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Master of Fine Arts submission

Morrell, Deborah Leigh 1994 , 'Master of Fine Arts submission', Unspecified thesis, University of Tasmania.

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The nature of human experience and the acquisition of knowledge through that experience is not just a process of the mind, but is also that of the body. We perceive the world through the relationship of mind and body, transforming physical sensations into knowledge. This shift from the physical to the metaphysical is central to the concerns I wish to address in my work. In doing so I will attempt to develop a correspondence between internal structures (structures of consciousness, conventions of perception, systems of belief, as well as activities of thought and feeling) and external structures, those of physical experience in relation to architectural space. By doing so I will address the concept of the self and its relationship to the external world, therefore questioning the nature of reality. Through installation and architectural structures, I will attempt to explore the above concerns by using architectural space as a metaphor for the internal structures of the self.1 By using physical enclosures, I aim to heighten the awareness of how we perceive the spatial and temporal continuum of experience, and how the body is integral to this experience, expanding our perception of objects and space. Through the physicality of the sculptural form, I wish to address the notion of spatial presence in relation to memory. Primarily I will be dealing with body memory; that which alludes to memory that is intrinsic to the body; how we remember in and by and through the body (a felt memory). In dealing with the above, I aim to transform the viewer's understanding of space, physically, psychologically and aesthetically by dealing primarily with perceptual content - where the work addresses not just vision but the viewer's whole physical being. I therefore propose to continue working within the architectural enclosure as a means of expressing the human condition.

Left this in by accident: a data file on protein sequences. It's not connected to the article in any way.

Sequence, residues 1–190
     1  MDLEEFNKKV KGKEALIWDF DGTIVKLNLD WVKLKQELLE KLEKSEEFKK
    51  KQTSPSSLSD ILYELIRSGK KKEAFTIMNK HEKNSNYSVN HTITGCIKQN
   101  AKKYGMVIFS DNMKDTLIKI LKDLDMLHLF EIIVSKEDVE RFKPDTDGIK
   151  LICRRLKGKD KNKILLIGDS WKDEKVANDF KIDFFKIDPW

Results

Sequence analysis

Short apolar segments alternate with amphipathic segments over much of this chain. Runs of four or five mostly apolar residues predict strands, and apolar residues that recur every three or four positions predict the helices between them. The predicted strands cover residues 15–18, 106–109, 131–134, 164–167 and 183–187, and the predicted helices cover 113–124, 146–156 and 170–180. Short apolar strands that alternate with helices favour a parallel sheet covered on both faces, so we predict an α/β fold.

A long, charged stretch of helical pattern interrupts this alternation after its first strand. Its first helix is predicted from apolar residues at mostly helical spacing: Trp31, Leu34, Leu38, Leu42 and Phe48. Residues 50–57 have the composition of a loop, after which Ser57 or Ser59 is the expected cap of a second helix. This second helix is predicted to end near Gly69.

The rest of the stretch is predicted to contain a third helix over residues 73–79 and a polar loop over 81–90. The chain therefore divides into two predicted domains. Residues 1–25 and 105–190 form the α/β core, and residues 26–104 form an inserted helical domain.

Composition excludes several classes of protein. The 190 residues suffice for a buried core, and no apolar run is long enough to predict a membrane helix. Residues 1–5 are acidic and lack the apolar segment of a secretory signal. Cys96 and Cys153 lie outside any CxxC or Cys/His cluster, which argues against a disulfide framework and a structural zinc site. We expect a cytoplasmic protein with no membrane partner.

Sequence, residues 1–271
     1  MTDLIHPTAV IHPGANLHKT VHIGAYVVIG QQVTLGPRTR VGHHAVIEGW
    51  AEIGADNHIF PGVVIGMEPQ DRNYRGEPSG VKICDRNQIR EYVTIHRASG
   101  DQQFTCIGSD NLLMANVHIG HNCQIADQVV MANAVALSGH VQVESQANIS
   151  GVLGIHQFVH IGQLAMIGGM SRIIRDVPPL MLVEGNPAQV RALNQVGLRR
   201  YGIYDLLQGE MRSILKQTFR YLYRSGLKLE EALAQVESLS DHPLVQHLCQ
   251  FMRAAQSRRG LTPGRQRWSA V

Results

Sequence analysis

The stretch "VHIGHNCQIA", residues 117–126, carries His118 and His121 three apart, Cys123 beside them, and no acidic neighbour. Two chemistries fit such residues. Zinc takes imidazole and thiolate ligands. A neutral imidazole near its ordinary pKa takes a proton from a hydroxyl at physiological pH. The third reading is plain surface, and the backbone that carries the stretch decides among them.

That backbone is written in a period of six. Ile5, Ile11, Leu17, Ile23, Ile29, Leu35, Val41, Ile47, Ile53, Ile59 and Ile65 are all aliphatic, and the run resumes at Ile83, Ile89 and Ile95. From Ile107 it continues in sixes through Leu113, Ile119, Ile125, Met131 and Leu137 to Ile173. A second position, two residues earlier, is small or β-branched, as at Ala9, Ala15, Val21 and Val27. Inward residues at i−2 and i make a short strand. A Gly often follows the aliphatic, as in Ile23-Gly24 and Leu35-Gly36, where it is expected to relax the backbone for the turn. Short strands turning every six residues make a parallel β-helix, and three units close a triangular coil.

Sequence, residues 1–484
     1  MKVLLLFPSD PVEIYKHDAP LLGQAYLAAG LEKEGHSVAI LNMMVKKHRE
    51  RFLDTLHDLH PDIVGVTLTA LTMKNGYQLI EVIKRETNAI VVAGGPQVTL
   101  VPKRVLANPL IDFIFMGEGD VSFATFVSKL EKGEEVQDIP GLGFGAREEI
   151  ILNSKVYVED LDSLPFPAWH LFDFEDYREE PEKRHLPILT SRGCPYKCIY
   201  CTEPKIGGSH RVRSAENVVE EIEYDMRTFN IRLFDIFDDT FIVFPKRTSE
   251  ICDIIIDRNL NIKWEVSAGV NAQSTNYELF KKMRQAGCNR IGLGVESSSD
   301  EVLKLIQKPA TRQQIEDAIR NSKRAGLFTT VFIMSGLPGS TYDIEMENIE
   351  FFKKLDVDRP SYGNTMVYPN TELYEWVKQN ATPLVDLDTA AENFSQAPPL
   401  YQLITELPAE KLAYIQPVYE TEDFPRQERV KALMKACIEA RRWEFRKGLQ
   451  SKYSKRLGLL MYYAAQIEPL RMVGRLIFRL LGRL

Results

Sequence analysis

Item Type: Thesis - Unspecified
Authors/Creators:Morrell, Deborah Leigh
Copyright Holders: The Author
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Copyright 1994 the author - The University is continuing to endeavour to trace the copyright
owner(s) and in the meantime this item has been reproduced here in good faith. We
would be pleased to hear from the copyright owner(s).

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Thesis (M.F.A. )--University of Tasmania, 1994

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